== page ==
3 Steps for Denying Employment and Avoiding A Lawsuit

3 Steps for Denying Employment and Avoiding A Lawsuit

Denying employment can be a tricky and risky situation if it is not done right. If you’re already being cautious by running a background check on the applicant you’re on the right track, but to really minimize your risk you must also make sure you are in compliance with the FCRA and EEOC.

This requires staying informed of updates to legislation and creating a hiring process that does not violate employment law. You may think you’re HR is in line with these standards, but even large companies such as Domino’s Pizza, Kmart, Dollar Tree, and Hertz have recently made major mistakes in hiring which has resulted in hefty class action lawsuits.

Here are 3 tips from us to you, to reduce your risk:

1. Be consistent

  • Make sure to review EEOC guidelines for denying employment. One of the leading causes of employment lawsuits involve discrimination based on race, age, or disability.
  • Our suggestion? Create guidelines and hiring policies that you can apply consistently to every applicant. This way there is no confusion as to why the candidate was denied employment.


2. Be transparent before you order a report

  • Prior to the background report, employers must inform candidates that the report will be ordered. You must also provide information about the purpose of the report and the type of information that you will be researching.
  • The process doesn’t end there though. You’ll need to get this is in writing. The applicant can authorize the report on the same form that notifies the candidate of the nature and scope of the investigation.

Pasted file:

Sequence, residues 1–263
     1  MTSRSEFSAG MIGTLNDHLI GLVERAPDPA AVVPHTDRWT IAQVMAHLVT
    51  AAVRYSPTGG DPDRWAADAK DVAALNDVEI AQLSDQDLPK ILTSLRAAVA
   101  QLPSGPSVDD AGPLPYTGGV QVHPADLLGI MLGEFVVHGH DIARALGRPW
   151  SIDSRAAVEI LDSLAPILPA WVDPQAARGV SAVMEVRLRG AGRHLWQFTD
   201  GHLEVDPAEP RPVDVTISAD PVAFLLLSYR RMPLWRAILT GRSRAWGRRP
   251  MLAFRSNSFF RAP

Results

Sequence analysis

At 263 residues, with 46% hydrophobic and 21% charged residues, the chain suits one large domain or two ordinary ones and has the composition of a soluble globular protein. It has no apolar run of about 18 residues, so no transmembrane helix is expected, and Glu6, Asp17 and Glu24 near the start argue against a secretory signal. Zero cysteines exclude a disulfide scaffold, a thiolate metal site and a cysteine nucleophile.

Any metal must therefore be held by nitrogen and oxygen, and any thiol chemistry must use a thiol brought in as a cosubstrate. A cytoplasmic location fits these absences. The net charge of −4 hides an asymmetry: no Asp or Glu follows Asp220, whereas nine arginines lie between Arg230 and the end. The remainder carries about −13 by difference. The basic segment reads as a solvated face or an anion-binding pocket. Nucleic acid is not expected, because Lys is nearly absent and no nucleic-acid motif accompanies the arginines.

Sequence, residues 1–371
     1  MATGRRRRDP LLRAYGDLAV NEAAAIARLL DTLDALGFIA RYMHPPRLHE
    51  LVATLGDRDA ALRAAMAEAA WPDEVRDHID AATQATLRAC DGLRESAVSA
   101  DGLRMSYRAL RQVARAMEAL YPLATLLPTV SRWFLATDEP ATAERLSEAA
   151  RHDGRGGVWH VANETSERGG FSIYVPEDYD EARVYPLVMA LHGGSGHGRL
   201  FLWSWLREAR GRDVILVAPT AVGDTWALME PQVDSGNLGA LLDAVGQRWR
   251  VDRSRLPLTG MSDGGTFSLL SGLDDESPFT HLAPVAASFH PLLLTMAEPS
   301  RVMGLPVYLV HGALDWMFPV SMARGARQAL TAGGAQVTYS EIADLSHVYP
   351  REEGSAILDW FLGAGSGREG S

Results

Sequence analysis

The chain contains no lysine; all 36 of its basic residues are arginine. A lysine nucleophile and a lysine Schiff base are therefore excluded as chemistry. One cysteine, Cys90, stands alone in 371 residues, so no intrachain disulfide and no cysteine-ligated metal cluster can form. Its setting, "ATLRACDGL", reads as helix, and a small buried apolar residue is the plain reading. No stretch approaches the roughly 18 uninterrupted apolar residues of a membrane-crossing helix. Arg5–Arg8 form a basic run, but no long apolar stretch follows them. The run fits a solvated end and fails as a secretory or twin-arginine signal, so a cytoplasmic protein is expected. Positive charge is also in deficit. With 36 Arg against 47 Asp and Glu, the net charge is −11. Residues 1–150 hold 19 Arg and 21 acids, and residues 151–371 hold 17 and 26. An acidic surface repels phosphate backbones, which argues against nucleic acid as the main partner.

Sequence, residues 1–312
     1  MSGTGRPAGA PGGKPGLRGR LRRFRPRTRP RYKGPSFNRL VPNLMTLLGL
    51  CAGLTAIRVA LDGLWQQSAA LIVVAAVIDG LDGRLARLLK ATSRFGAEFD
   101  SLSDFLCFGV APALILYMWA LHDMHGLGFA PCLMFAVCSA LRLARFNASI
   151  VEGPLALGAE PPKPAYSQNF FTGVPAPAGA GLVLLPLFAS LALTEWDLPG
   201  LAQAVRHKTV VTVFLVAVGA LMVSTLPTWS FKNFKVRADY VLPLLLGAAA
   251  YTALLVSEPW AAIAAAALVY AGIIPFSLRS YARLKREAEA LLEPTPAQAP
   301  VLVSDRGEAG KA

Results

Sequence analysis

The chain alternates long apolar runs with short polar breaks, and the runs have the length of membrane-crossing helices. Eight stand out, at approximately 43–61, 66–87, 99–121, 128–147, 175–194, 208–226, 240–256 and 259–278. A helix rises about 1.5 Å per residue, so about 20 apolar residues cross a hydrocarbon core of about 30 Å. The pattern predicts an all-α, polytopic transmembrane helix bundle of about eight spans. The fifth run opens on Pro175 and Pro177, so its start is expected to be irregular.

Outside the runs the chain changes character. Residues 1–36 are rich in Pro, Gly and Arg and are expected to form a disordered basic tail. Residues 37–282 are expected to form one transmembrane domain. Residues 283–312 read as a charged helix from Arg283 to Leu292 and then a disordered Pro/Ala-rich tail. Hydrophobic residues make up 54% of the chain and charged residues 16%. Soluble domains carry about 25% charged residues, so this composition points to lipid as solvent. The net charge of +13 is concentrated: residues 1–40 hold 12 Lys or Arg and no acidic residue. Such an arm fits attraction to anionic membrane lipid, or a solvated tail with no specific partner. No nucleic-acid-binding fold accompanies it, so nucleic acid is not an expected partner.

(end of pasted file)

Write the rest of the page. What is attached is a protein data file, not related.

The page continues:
• Register for FREE to access an FCRA compliant authorization form and application.


3. Communicate

If you have noticed red flags in the report you order, you cannot deny employment right away. You’ll need to send a pre-adverse letter to the applicant explaining the following:

  • Reason for the potential denial
  • Their right to correct the information
  • The contact information for the company you use to run the report
  • A copy of “A Summary of Your Rights Under the Fair Credit Reporting Act”

Then, you’ll need to give them a reasonable amount of time to correct any information on the report that may be incorrect or misleading. If after this step, you are still planning to deny employment you must send an adverse decision letter that notifies the candidate and lets them know they can correct any information and get a copy of the report for free for 60 days.

Register for FREE to access an FCRA compliant pre-adverse and adverse decision letter template.


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